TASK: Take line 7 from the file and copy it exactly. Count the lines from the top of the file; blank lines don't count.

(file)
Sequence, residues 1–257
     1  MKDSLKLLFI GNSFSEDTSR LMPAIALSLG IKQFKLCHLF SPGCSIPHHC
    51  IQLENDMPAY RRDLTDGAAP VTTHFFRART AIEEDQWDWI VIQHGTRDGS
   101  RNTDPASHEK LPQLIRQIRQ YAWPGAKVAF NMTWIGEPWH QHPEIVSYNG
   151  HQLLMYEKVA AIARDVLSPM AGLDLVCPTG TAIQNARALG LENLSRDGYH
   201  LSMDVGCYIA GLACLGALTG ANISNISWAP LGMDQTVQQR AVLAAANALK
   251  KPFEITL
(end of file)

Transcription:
   251  KPFEITL